This recent paper in Circulation, from Arshed Quyyumi and colleagues at the Emory Clinical Cardiovascular Research Institute, can be seen as a culmination of, even vindication for, Â Dean Jones’ ideasÂ about redox biology.
Let’s back up a bit.Â Fruit juices, herbal teas, yogurts, even cookies are advertised as containing antioxidants, whichÂ could potentiallyÂ fight aging. This goes back to Denham Harman and the free radical theory of aging.Â [I attemptedÂ to explain this several years ago in Emory Medicine.]
We now know that free radicals, in the form of reactive oxygen species, can sometimes be good, even essential for life. So antioxidants that soak up free radicals to relieve you of oxidative stress: that doesn’t seem to work.
Dean Jones, who is director of Emory’s Clinical Biomarkers laboratory,Â has been an advocate for a different way of looking at oxidative stress. That is, instead of seeing cells asÂ big bags of redox-sensitive chemicals, look at cellular compartments. Look at particular antioxidant proteins and sulfur-containing antioxidant molecules such asÂ glutathione and cysteine.
That’s what theÂ Circulation paper does. Mining the Emory Cardiovascular Biobank, Quyyumi’s team shows that patients with coronary artery disease have a risk of mortality that is connected to the ratio of glutathione to cystine (the oxidized form of the amino acid cysteine).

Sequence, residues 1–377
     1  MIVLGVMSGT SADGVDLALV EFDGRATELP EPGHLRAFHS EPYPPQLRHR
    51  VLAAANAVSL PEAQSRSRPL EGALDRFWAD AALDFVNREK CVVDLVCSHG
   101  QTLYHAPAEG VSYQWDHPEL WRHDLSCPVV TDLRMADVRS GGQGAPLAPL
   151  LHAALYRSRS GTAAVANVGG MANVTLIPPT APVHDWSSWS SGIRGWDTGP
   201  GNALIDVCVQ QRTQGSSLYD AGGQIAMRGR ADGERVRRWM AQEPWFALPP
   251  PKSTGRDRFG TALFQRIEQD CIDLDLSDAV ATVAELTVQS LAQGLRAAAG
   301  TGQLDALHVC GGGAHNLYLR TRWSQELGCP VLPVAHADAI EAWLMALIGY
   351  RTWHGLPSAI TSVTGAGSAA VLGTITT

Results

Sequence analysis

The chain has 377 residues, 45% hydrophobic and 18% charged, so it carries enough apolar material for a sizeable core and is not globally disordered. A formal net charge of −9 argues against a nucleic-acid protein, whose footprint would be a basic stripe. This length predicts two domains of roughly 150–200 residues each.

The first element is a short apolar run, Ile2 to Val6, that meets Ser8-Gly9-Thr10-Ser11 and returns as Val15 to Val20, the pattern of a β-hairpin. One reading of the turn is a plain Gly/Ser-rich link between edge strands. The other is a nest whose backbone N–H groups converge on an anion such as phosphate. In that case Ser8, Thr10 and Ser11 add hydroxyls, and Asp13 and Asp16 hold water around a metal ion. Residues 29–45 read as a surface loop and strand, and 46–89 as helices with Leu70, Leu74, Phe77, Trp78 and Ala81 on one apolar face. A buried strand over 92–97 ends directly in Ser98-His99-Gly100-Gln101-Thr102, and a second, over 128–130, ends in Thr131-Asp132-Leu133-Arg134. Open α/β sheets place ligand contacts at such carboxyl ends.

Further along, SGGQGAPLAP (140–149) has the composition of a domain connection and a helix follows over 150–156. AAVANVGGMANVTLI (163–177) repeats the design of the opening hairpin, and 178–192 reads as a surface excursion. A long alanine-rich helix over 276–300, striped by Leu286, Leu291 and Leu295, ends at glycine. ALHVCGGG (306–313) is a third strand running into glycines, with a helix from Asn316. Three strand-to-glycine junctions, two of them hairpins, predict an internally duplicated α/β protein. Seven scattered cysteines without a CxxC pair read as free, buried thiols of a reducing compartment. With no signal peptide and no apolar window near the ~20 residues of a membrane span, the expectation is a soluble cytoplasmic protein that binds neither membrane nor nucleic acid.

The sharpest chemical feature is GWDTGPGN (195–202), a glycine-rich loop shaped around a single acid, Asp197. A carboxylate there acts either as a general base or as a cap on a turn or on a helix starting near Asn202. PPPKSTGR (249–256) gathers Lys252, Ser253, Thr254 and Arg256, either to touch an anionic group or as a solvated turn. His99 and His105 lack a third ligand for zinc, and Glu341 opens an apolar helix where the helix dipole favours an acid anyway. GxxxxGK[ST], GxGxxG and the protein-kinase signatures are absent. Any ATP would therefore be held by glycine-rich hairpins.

How this ratio might fit in with other biomarkers of cardiovascular risk (such as CRP, suPAR, PCSK9,Â more complicated combinationsÂ and gene expression profiles, even more links here) and be implemented clinically areÂ still unfolding.
Derek Lowe, a respected science blogger and drug discovery expert who was blogging when this writer was still working in the laboratory, today has a roundup of a concept that anyone hanging around Emory might have clued into already.
Namely, antioxidants arenâ€™t all theyâ€™re cracked up to be. Judging from the messages Gafas Ray Ban outlet to shoppers in the supermarket vitamin aisle, everybody needs more antioxidants. But evidence is accumulating that in some situations, antioxidants can be harmful: negating the adaptive effects of exercise on muscle tissue or even encouraging tumor growth, Lowe writes.
At Emory, Dean Jones has been patiently explaining for years that cells are not simply big bags with free radicals, thiols and antioxidants sloshing around indiscriminately. Instead, cells and oxidation-sensitive components are highly compartmentalized. Take for example, this recent paper in Molecular & Cellular Proteomics from Jones and Young-mi Go. Two major antioxidant systems in cells, glutathione and thioredoxin, function distinctly and independently, they show.
In a related vein, Kathy Griendlingâ€™s and David Lambethâ€™s labs were at the center of the discovery that reactive oxygen species are not only poisons that overflow from mitochondria, but important signals involved in many aspects of cell biology.